11.15 Coffee Break
11.30 Christian Barry (ANU) On Satisfying Duties to Assist
12.15 Amanda Askell (NYU) & Tyler John (Rutgers) Moral Offsetting
13.00 Lunch Break
13.45 Amy Berg (UNC) Beneficence and Partial Compliance
14.30 Michael Bukoski (Dartmouth) Moral Uncertainty and Moral Demandingness
15.15 Coffee Break
15.30 Brian McElwee (Southampton) Affluence and Blame
16.15 Joseph Carlsmith (NYU) Helping People and Creating People

24 May 2017 – Sessions in Upper College Hall

9.00 Rhys Southan (Oxford) Effective Altruism and the Contradiction in Willing
9.45 Leonie Smith (Manchester) Individual charitable giving as a part of the negative duty not to harm, in the case of global poverty
10.30 Elizabeth Ashford (St Andrews) TBA
11.15 Coffee Break
11.30 Sophie Hermanns (Harvard) & Scott Weathers (Harvard) Of ancient grudges and star-cross’d lovers: Difference and convergence between Effective Altruism and Social Justice
12.15 Eden Lin (Ohio State) Effective Altruism and American Electoral Politics
13.00 Lunch Break
13.45 Ketan Ramakrishnan (NYU) Property Rights and Duties of Aid
14.30 Judith Lichtenberg (Georgetown) Effective Altruism: A Critique
15.15 Coffee Break

24 May 2017 – Keynote Lecture in the Buchanan Lecture Theatre

16.00 Peter Singer (Princeton/Melbourne) Book Signing
17.15 Peter Singer (Princeton/Melbourne) 2017 Knox Lecture: Living Ethically in the 21st Century

25 May 2017 – Sessions in Upper College Hall

9.00 Adam Etinson (St Andrews) TBA
9.45 Ben Bramble (Trinity College Dublin) Effective Altruism and Our Reasons to Give
10.30 L.A. Paul (UNC) and Jeff Sebo (UNC) Effective Altruism and Transformative Values
11.15 Coffee Break
11.30 Ben Sachs (St Andrews) Effective Exhorting
12.15 Tobias Jung (St Andrews) Concerns about effective altruism: a view from the philanthropy research field
13.00 Lunch Break
13.45 Alan Fenwick (Schistosomiasis Control Initiative) TBA
14.30 Michelle Hutchinson (Centre for Effective Altruism) TBA
15.15 Giving Game

Attending the Conference

As seats are limited, we require all potential attendees to send us an expression of interest in attending (at by 14 April 2017. We will then confirm no later than 21 April 2017 whether you have a reserved seat at the conference. We regret that we have no remaining funding for travel assistance. Moreover, a reserved seat at the conference does not on its own guarantee a reserved seat at the Singer lecture, which is a ticketed event.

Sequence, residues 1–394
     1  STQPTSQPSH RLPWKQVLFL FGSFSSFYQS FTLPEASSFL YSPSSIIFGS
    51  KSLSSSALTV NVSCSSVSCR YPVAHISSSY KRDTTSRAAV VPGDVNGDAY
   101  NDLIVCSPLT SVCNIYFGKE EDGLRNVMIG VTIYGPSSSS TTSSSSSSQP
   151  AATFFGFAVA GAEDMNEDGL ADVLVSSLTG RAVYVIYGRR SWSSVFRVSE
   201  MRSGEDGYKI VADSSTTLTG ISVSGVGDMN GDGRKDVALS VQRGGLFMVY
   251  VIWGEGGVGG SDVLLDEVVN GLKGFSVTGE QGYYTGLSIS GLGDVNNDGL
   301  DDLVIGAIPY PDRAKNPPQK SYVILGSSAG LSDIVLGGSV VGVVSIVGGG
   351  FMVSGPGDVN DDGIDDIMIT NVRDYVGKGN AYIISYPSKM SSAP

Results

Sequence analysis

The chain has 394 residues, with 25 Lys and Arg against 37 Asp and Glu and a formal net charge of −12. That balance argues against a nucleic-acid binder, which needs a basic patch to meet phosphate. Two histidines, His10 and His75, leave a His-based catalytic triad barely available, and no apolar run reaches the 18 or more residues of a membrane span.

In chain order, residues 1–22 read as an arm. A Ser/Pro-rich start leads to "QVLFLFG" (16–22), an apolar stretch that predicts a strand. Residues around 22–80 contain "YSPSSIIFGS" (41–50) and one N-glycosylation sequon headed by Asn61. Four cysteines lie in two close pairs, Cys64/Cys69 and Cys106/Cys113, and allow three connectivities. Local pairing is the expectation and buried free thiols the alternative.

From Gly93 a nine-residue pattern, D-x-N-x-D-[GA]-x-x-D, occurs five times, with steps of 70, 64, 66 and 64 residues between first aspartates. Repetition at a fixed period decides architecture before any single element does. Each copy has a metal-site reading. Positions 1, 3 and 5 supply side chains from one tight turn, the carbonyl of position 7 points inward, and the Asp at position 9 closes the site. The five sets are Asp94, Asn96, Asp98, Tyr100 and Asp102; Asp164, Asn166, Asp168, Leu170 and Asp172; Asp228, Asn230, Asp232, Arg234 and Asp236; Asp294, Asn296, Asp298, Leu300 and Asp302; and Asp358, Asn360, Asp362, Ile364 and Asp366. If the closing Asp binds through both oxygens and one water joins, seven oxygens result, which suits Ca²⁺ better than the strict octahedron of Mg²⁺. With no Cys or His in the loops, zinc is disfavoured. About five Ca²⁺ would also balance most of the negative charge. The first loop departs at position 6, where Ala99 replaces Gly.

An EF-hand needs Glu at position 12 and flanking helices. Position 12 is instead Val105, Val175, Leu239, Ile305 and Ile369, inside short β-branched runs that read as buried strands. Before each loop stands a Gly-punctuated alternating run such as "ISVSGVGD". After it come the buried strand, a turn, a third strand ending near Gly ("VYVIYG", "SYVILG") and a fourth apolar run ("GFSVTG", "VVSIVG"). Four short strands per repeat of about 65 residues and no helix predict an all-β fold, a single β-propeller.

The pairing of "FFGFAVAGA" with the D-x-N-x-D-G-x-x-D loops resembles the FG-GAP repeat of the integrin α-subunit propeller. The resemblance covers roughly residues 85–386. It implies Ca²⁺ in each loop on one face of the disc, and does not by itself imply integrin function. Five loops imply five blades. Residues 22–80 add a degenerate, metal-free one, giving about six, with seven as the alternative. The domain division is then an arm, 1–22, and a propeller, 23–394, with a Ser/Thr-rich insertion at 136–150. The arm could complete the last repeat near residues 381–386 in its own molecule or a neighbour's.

Theron Pummer is the main organiser (; for administrative questions, please contact Laura Newman (


For generous funding and support, we are grateful to the Mind Association, the Society for Applied Philosophy, the Scots Philosophical Association, the JN Wright Trust, the Giving What We Can chapter at the University of St Andrews, the Department of Philosophy at the University of St Andrews, and the Centre for Ethics, Philosophy and Public Affairs at the University of St Andrews.

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The Metaphysics of Totality, 30-31 March, Glasgow

The Metaphysics of Totality

University of Glasgow, 30-31 March 2017
Thursday 30th

[9-9.30: coffee]
9.30-11: Aaron Cotnoir & Bruno Jacinto (St Andrews) – A Formal Semantics for the Theory of Embodiments

11.15-12.45: Stephan Leuenberger (Glasgow) – Totality Operators and Metaphysical Defaults

2.15-3.45: Anna-Sofia Maurin (Gothenburg) – Regress and Metaphysical Explanation

4-5.30: Louis deRosset (Vermont) – The Metaphysical Transparency of Truth
[7: dinner]
Friday 31st

[9-9.30: coffee]
9.30-11: Philipp Blum (Lucerne) – Every Thing is Positive

11.15-12.45: Naomi Thompson (Southampton) – Fictionalism about Grounding

2.15-3.45: Bruno Whittle (Glasgow) – Mathematical Anti-Realism and Explanatory Structure

4-5.30: Alexander Skiles (NYU) – Existence and Second-Order Quantification
[7: dinner]
All talks will be in the Reid Room, of 69 Oakfield Avenue.
Abstracts are available at:
Everyone is welcome to attend (without charge). But if you plan to come, please let us know by writing to:
This workshop is part of the AHRC funded project The Whole Truth. For more information about the project, please see:
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Kant’s Scots, Edinburgh, 21 April

Kant’s Scots

Bi-annual workshop on Kant’s philosophy

Friday 21st April 2017

Room 7.01, Dugald Stewart Building, 3 Charles Street, Edinburgh, EH8 9AD



Sasha Mudd (Southampton): Both the Law and the Good: Exploring a No Priority Approach to Kant’s Ethics


Stefano Lo Re (St Andrews): The function of the Kingdom of Ends in the Groundwork


Sacha Golob (KCL): Kant on Education (tbc)


Stefano Bacin (Universita Vita-Salute San Raffaele): “Kantian ‘Common Rational Moral Cognition’ and Moral Intuitions: On the Method of Kant’s Moral Philosophy”

Organiser: Alix Cohen (

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Workshop on the requirement of total evidence, May 29/30, Edinburgh


May 29-30

Room G.05, 50 George Square

University of Edinburgh

Confirmed Speakers:

Jessica Brown (St Andrews)

Peter Milne (Stirling)

Martin Smith (Edinburgh)

Julia Staffel (Wash U, St Louis)

Lauren Ware (Stirling)

Lee Whittington (Edinburgh)

Registration is free but places are limited.  To register please contact Martin Smith –

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Scottish Aesthetics Forum, 6 April, Edinburgh, Dr Hans Maes

The Scottish Aesthetics Forum is delighted to announce its next lecture:

Dr Hans Maes (Kent)

“Portraits of Philosophers and the Philosophy of Portraits”

Thursday, 6 April, 2017, 4:15 – 6:00pm

7 Bristo Square, Room G.009 – Richard Verney Health Centre,

University of Edinburgh

The lecture is free and open to all!